Poker is a game of skill, luck and psychology. It has many catchy expressions, but none is more true than “Play the Player, Not the Cards.” It means that a strong hand can be ruined by a poor table image or bad bluffing skills, while a weak hand may be a winner if played correctly.
The first step to becoming a great poker player is understanding the game. This includes knowing the rules, understanding the probability of different hands and recognizing good tells. Then, you must develop a game plan that maximizes your chances of winning. You should also consider what type of player you are and where you play.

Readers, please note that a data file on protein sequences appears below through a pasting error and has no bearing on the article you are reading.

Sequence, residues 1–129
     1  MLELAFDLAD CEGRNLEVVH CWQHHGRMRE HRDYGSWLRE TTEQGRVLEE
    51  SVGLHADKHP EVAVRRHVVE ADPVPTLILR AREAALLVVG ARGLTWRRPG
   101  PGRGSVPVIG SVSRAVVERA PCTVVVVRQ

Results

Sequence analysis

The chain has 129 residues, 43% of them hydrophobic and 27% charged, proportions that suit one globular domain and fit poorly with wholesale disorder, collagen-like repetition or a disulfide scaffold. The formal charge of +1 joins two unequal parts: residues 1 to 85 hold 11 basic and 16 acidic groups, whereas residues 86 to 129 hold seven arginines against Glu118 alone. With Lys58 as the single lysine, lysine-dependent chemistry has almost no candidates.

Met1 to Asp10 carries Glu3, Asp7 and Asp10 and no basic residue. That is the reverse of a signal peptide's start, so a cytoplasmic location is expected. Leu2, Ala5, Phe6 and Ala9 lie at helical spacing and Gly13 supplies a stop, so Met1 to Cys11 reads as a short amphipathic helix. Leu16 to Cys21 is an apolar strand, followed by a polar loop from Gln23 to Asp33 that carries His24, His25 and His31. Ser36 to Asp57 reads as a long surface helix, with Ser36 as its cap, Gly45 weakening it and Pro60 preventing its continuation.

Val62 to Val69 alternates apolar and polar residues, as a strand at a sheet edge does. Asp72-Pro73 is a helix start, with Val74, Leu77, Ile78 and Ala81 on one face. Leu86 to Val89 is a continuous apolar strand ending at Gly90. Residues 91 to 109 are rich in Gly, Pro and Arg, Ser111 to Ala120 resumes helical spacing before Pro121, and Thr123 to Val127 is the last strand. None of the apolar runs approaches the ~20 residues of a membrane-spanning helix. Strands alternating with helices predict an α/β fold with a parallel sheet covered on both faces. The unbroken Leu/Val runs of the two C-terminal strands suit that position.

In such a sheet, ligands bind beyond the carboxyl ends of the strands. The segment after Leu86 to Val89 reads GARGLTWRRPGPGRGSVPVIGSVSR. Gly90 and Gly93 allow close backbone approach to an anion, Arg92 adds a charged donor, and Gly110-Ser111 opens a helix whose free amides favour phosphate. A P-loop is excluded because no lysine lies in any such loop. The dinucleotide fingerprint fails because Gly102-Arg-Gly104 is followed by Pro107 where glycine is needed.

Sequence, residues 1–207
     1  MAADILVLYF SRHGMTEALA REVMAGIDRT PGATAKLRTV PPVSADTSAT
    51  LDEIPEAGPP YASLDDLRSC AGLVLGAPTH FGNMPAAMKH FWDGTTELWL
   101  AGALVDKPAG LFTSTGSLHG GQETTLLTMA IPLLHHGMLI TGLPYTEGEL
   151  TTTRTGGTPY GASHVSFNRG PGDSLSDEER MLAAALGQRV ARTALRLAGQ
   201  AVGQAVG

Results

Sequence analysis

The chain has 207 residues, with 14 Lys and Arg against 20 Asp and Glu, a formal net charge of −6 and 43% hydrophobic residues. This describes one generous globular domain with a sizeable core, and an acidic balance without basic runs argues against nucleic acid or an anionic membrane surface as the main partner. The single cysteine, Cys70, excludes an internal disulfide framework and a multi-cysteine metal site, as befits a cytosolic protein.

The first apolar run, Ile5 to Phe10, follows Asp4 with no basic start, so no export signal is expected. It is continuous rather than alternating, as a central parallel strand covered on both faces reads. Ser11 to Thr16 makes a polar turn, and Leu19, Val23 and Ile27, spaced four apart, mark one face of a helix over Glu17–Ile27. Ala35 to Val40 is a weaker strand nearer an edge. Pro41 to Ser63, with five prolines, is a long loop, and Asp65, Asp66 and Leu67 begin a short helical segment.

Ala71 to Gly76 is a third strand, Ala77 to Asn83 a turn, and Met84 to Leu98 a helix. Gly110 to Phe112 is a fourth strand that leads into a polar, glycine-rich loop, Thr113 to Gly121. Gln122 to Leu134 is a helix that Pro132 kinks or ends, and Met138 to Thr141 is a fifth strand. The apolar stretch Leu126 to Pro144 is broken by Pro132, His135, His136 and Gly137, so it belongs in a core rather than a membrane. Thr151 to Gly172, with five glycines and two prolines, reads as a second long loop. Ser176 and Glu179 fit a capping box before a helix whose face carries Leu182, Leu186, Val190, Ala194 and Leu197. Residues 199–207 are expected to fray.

You should be aggressive at the tables and always raise when you have a strong hand. This will build the pot and help you win more money. It will also discourage players who are waiting for a draw that can beat your hand.
Another thing you should understand is how the odds of hitting a particular hand compare to the pot size and potential return. You can use various calculators to determine these odds. You should also learn to read your opponents’ tells, including eye movements, idiosyncrasies and betting behavior. For example, a player who calls a lot of bets may have a monster hand and be trying to disguise it. If you can read your opponents’ tells, you will be able to make smarter decisions.